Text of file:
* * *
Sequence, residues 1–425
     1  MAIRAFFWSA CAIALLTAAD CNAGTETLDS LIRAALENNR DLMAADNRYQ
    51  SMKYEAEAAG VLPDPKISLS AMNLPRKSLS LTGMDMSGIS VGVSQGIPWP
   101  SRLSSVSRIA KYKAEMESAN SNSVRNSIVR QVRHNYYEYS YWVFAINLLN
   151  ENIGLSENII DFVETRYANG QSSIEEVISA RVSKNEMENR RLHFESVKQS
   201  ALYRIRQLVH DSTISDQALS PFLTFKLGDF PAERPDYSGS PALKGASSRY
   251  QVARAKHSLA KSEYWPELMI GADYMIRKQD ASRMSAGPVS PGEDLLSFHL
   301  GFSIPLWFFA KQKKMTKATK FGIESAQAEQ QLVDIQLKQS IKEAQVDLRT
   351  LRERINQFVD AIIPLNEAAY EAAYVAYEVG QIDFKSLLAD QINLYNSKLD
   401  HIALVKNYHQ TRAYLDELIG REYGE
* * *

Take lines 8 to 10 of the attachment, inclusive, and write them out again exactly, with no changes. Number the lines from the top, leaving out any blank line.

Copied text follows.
   301  GFSIPLWFFA KQKKMTKATK FGIESAQAEQ QLVDIQLKQS IKEAQVDLRT
   351  LRERINQFVD AIIPLNEAAY EAAYVAYEVG QIDFKSLLAD QINLYNSKLD
   401  HIALVKNYHQ TRAYLDELIG REYGE